The severity of symptoms varies depending on tumor location and dictates the needs of each patient. Seizure management should be coordinated with a pediatric neurologist or neurooncologist. Almost all patients will require physical and/or occupational therapy.
Ophthalmic, endocrinologic, and neuropsychological evaluations are helpful as baseline studies, and referrals to educational specialists are often appropriate to establish individualized educational plans. Audiometry is required before and during many chemotherapy protocols.
Genetic testing may be helpful to patients and their families when NF1 or TS is suspected. Otherwise, genetic testing is not indicated for PA other than optic pathway and diencephalic lesions and is not helpful in other LGA with the exception of SEGA, which arises almost exclusively in the setting of TS.
What are the possible outcomes of this disease?
Complications of LGA may result from infiltration and destruction of critical CNS structures. There are no systemic manifestations of LGA other than lesions associated with the inherited disorders NF1 and TS and the adverse events from surgery or adjuvant therapy for this condition.
Cerebral hemispheric LGA such as PA, FA, and PXA are often associated with progressive motor, sensory, or cognitive deficits, in addition to seizures, which can result in bodily injury or be life-threatening in some circumstances.
Intraventricular SEGA and focal brainstem LGA may cause obstructive hydrocephalus, in which patients are at risk for obtundation and airway loss. Poor cerebral perfusion during uncontrolled elevations in intracranial pressure can have irreversible cognitive sequelae.
Optic pathway and diencephalic LGA cause visual deterioration and diencephalic syndrome, i.e., severe emaciation despite normal food intake, linear growth, and developmental milestones. Often a multidisciplinary approach is required for management of nutritional and endocrinologic concerns.
What causes this disease and how frequent is it?
In the subtypes of LGA in which molecular profiling has been performed, several aberrations have been identified in the MAPK pathway, a signaling cascade responsible for cell proliferation.
How do these pathogens/genes/exposures cause the disease?
In NF1-associated PA, the NF1 tumor suppressor gene is inactivated, leading to disinhibition of both MAPK and the mammalian target of rapamycin (mTOR), another signaling complex controlling cell proliferation and also implicated in SEGA development. In non-NF1 PA and PXA, constitutively active mutants of BRAF drive cellular proliferation through transcriptional activation.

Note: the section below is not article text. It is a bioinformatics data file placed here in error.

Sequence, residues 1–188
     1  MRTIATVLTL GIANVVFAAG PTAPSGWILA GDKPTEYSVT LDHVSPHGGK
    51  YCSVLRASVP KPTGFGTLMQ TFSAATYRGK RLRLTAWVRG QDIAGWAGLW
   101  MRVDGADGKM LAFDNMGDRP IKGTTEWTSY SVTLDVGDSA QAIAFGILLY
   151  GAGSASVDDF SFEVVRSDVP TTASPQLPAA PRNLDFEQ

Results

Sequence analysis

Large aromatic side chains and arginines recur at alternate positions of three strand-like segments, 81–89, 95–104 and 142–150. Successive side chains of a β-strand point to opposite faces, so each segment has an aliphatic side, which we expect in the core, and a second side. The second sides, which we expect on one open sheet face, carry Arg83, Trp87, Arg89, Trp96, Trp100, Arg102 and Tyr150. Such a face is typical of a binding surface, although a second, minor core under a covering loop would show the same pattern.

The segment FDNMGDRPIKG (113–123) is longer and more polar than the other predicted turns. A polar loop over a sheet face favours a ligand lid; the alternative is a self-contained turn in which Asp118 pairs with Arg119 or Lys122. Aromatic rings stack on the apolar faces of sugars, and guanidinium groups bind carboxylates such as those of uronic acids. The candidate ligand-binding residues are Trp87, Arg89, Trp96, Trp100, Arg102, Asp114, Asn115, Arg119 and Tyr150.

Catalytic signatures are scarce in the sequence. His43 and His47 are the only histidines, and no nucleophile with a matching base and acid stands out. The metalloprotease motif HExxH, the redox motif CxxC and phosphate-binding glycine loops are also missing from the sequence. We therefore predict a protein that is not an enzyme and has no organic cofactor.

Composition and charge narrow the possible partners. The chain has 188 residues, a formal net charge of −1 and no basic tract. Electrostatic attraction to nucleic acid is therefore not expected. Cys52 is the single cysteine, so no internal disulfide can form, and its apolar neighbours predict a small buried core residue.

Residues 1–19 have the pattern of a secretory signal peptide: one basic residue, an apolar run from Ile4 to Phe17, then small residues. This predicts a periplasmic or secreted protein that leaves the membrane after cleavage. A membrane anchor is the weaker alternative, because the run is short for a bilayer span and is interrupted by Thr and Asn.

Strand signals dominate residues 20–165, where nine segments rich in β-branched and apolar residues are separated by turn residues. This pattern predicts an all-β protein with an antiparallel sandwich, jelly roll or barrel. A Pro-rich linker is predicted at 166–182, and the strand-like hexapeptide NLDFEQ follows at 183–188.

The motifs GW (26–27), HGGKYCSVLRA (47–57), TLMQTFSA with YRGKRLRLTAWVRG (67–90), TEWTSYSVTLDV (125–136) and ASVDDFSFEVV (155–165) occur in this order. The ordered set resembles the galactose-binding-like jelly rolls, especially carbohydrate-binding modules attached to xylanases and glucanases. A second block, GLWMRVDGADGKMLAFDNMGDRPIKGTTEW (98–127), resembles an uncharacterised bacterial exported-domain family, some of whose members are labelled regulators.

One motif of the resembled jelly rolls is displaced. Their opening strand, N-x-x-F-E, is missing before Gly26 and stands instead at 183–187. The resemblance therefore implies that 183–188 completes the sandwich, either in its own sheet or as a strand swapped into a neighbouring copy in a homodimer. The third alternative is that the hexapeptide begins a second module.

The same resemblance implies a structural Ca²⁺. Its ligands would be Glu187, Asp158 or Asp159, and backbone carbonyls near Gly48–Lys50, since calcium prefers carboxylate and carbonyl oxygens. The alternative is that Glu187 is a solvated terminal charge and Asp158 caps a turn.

Other clinical manifestations that might help with diagnosis and management
Unusual Clinical Scenarios to Consider in Patient Management
Patients may first come to medical attention for LGA because of new-onset seizures. This is likely to be the case for tumors of cerebral hemispheric location, either PA, FA, or PXA. Tumor-provoked seizures are often controlled initially with antiepileptic medications, but surgical resection is usually the treatment of choice to improve seizure control, psychosocial and intellectual development, and daily function.
Depending on tumor location, electrophysiologic and semiologic data, surgical options range from lesionectomy to resection of neighboring structures (e.g., portions of the mesial temporal lobe). Patients often wean slowly from antiepileptic medications after resection.
In patients with visual loss from an optic pathway LGA, surgical resection may be indicated for proptosis or exposure keratitis. Occasionally, tumor debulking with or without cerebrospinal fluid diversion is required to alleviate hydrocephalus or diencephalic symptoms.
In contrast to LGA at other sites, extent of resection does not have any survival benefit, as these tumors already have a very low mortality rate by natural history. The same can be said for chemotherapy and RT, and thus other measurements of features such as visual function and tumor size may be applied to measure response rates. Unfortunately, there appears to be no correlation between radiographic progression and visual deterioration, making clinical decision making difficult in younger children, in whom optic pathway LGA are most common.